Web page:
BERGEN, N.Y. -- Starting Sept. 13, gun retailers like The Firing Pin in Bergen will be going through New York State Police instead of the National Instant Criminal background check system, or NICS.

Owner Brandon Lewis said he has registered for the new system but otherwise has received little information.

"It really puts the pressure on all of us because customers are coming to us and we don't know anything. We call the state and they don't know anything and it's just craziness," Lewis said.

The state will also begin requiring checks not just for firearms but ammunition purchases and charging fees of $9 and $2.50 respectively each time. Lewis believes it's creating a new unnecessary middle man.

"I am a realist and I just don't anticipate New York's system will one, work at all, or two, work as well and really it's just a needless middle man in the chain. It's going through the same system," he said.

Republican state Sen. Pat Gallivan is also concerned, noting people purchase ammunition far more often than firearms. He expects heavy traffic to lead to delays.

"It's natural, right? Any time you start something new you've got to, you're going to have kinks in the system and you have to work your way through those various bugs. In this particular case, this is an awful lot at once and to what end?" Gallivan said.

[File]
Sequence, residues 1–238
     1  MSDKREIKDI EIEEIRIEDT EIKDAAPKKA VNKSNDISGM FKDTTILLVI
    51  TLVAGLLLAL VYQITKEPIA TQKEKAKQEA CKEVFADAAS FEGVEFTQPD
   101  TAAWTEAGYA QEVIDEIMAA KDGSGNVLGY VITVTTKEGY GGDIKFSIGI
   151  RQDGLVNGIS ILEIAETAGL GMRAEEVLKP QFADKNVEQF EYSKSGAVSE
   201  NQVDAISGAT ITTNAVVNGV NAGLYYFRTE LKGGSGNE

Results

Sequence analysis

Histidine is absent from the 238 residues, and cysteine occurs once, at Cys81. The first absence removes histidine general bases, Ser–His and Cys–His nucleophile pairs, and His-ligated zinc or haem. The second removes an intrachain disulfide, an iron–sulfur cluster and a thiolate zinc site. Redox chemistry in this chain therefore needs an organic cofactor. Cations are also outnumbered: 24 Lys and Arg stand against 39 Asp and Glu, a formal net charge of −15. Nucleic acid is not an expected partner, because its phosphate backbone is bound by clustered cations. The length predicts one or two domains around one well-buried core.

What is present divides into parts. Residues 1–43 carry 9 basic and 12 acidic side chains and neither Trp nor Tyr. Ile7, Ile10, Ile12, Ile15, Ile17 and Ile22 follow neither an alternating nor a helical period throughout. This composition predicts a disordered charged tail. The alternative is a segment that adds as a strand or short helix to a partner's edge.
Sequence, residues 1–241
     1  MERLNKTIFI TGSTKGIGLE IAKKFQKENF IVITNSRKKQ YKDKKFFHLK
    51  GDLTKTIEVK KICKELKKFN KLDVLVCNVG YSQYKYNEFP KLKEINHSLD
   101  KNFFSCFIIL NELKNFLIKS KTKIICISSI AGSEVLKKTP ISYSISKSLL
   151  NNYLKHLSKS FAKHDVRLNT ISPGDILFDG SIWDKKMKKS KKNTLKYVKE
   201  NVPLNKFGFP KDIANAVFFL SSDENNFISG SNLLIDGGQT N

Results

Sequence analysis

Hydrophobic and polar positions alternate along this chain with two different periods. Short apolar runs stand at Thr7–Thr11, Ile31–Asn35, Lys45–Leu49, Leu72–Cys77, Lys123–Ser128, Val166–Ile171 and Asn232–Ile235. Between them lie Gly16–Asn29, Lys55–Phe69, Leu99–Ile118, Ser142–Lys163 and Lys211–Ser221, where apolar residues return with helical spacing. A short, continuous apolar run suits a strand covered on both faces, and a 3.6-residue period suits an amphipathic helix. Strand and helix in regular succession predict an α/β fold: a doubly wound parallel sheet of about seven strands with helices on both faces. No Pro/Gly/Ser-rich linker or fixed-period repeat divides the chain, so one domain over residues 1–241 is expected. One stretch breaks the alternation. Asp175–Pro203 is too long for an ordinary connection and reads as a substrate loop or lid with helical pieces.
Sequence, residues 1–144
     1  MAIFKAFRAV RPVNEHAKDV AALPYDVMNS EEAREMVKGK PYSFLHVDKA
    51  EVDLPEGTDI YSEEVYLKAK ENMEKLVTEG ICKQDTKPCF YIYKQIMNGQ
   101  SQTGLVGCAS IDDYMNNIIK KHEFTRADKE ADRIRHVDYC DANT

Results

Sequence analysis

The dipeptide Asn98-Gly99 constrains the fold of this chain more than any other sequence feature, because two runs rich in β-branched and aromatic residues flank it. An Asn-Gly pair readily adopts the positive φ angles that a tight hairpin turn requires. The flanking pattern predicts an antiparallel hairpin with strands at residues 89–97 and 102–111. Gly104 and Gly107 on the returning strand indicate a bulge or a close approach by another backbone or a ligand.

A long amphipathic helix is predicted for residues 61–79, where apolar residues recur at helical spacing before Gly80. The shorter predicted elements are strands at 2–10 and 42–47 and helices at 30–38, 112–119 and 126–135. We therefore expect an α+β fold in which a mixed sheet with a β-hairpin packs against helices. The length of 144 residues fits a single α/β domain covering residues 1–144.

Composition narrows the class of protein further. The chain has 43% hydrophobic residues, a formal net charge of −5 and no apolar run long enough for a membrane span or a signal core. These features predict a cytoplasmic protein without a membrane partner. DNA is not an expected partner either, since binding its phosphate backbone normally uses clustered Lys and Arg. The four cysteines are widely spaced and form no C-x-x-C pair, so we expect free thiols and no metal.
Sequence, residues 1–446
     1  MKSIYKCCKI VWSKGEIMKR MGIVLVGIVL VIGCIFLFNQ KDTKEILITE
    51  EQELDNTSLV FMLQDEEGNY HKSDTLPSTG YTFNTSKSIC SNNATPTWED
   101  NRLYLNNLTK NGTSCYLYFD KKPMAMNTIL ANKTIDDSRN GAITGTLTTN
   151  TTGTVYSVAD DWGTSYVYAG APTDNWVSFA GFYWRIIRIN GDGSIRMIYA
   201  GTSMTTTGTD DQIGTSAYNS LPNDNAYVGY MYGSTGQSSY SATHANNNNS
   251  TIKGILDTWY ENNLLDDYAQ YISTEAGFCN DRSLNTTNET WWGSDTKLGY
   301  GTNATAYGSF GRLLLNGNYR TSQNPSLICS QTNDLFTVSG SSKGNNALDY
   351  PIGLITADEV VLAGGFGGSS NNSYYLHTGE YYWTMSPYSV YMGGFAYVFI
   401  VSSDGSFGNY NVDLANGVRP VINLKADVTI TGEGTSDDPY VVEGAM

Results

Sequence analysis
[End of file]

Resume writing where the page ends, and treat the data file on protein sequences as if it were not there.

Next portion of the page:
Democratic state Assemblywoman Pat Fahy said the end goal is an extra layer of safety. She pointed out background checks could at least inconvenience someone who has obtained a firearm illegally but attempted to purchase ammo at a retailer.

She also said the new database complements the state's now stricter Red Flag laws.

"We do think data is important and the fees that are going to be assessed are going to help pay for this data system and we know that what is being done on the federal level is falling short," Fahy said.

Lewis believes the law, on its face, is unconstitutional but will be an even more egregious breach if legal sales stall because the state is not ready on the date it chose to implement the new system. State Police said it still plans to begin the new process on Sept. 13.

"We do have to wait until the law actually takes effect and we're affected by it but we will be (suing). We're rallying support. We're working with our partners Firearms Policy Coalition. They're a group of lawyers out in California. They have several, I want to say five lawsuits, that are currently going in New York State," Lewis said.

An ammunition background check and database was part of the 2013 SAFE Act that was signed into law but that provision was never implemented. Last year, the Legislature approved the program that is going into effect.